If You Ask Me: A Global Banker Reflects on Our Times
Wriston, Walter B.
No Mouse under the Rug
Do you see the banking free zone coming into New York City? And what about the criticism that it would let a lot of capital flow out of the country?
The net of it is this: Since time immemorial there have been free trade zones--seventeen of them in the United States. You land your goods behind a wire fence, then you trans-ship them. It's exempt from U.S. customs duties and local taxes because no domestic business is done. It's all foreign business--just passing through. The same applies to the new banking proposal. It's all foreign banking--just passing through.
The main problem with the banking free trade zone is that there's nothing the matter with it. Everybody is looking for the mouse under the rug. But there isn't any. They can't believe that we proposed this without some kind of ulterior motive.
The purpose right up front is to bring back to New York some of the international financial market that we lost to London and various other booking centers offshore, like Nassau, Bahrain, Hong Kong, and Singapore.
As it is, we borrow money from the Eurodollar market in London, book it in Nassau and lend it to Brazil. All the banking free trade zone would do is put a rope on the island and tow it into New York harbor. Absolutely nothing else would happen.
It doesn't make any great difference to Citibank. We can operate, and operate, all around the world. We think it would be a lot better, though, if we could generate those jobs in the City of New York.
Since the Eurodollar market opened in London ten years ago, they've added more than a hundred thousand jobs in the City of London, while New York has lost about the same amount. New York can't afford that. The financial community, including the exchanges, brokers, dealers and so forth, now supplies 350,000 jobs in this city, which is roughly 10 percent of the city's work force. We watch the brokers move across the Hudson to Hoboken and other garden spots. We watch big industry move upstate and to Connecticut. I sometimes think Danbury is going to be the size of Pittsburgh in another few years. The financial community is also moving out. I don't see any good reason to go on exporting jobs from New York City.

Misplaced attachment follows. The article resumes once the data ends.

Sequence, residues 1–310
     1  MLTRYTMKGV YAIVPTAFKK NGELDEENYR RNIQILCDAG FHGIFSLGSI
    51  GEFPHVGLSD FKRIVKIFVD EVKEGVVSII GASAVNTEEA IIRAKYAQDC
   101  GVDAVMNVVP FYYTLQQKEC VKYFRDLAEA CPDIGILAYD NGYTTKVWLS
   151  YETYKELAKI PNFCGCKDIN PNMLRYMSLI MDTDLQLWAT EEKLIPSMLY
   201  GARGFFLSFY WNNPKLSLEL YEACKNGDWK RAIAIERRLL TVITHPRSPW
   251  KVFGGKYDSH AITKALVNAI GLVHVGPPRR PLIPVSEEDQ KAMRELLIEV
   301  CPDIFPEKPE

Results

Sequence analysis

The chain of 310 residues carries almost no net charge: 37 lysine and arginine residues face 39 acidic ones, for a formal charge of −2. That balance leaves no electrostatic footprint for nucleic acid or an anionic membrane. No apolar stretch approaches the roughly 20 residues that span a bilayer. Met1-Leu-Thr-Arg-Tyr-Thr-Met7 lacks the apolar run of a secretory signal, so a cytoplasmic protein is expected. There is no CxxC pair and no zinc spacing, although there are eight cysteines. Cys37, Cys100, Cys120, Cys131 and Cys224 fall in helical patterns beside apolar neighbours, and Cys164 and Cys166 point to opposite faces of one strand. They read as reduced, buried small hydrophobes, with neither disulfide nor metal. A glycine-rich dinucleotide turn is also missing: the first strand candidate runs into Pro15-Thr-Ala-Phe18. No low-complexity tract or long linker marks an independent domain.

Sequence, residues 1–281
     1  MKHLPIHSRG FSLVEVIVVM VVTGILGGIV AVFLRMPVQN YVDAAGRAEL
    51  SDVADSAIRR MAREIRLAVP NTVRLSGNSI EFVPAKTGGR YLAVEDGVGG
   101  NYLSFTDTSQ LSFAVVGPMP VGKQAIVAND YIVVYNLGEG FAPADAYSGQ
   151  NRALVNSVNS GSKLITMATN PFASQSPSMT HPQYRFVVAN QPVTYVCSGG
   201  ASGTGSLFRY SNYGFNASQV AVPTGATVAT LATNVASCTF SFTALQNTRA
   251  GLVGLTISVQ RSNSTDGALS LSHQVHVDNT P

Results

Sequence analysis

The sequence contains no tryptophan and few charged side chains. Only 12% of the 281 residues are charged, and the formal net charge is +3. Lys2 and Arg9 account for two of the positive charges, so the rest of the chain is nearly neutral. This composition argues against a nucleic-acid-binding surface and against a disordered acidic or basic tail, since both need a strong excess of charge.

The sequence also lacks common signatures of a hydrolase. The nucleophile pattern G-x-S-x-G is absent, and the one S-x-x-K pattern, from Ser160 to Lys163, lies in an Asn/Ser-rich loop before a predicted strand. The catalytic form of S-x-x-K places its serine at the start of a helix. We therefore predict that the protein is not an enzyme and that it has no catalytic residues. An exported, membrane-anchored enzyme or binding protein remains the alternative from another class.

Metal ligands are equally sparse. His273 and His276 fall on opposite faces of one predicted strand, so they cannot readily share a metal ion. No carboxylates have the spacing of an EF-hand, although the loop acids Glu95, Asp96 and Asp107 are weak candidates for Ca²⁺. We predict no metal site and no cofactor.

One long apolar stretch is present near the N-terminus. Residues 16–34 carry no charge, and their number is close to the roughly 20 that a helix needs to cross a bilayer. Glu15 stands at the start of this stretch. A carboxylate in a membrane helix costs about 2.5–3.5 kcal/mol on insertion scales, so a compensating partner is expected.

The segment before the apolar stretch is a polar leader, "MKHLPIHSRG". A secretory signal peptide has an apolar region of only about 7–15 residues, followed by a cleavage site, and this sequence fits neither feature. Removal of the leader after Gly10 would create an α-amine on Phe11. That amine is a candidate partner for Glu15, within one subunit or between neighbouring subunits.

Well, the banking free-zone idea passed the New York Legislature with one dissenting vote, which I guess is some kind of record, since the last time they gave themselves a pay increase. Governor Hugh Carey and I went down to Washington to present the idea to the Federal Reserve Board.
When we first launched the idea, there was a lot of nonsense about so-called monetary leakage. I never knew what it meant. It sounded very sinister. Henry Wallich took me out in the woods and lost me a couple of times trying to explain it. It doesn't make any difference the dollars are. Only one guy prints them, and that's the Fed.
Now, the out-of-town banks are worried that it will give New York a competitive advantage, so they're playing cat-and-mouse on the thing, and throwing sand in the gears. But there are a hundred and twenty billion dollars going through the system every day and the Bank of America's Edge Act office is part of that system. So there's no competitive disadvantage. It's true that the settlement procedures go through the Fed, but there's no law that says an out-of-state bank can't have an account with the New York Fed.
They complain that Edge Act corporations would have less borrowing power than their parents. On the other hand, all of them are getting guarantees from their parents now, so I don't think that's much of a problem.
Banking free zones would enhance the marketplace all over because you need one in every time zone. California should have one, without question. There'll probably be one in Illinois. The foreign exchange market and the Eurodollar markets never close. So you hand off your position from London to New York to San Francisco to Hawaii. Then you go on to Hong Kong, Singapore, Bahrain, and back to London.
I don't see any downside to the idea, but there's a vast suspicion that New York banks are trying to get away with something. The effect on the monetary system will be absolutely zero. If I were a regulator, I'd rather have these transactions taking place in the United States, where I could watch them, than spread all over the world, where I can't.
It will happen one of these days, but achieving the inevitable is sometimes time consuming.
 Formerly professor of economics at Yale University and a member of President Eisenhower's Council of Economic Advisers, he is presently on the Board of Governors of the Federal Reserve System.
 Offices established, since 1919, by banks outside their home states specifically to provide financial services related to international trade.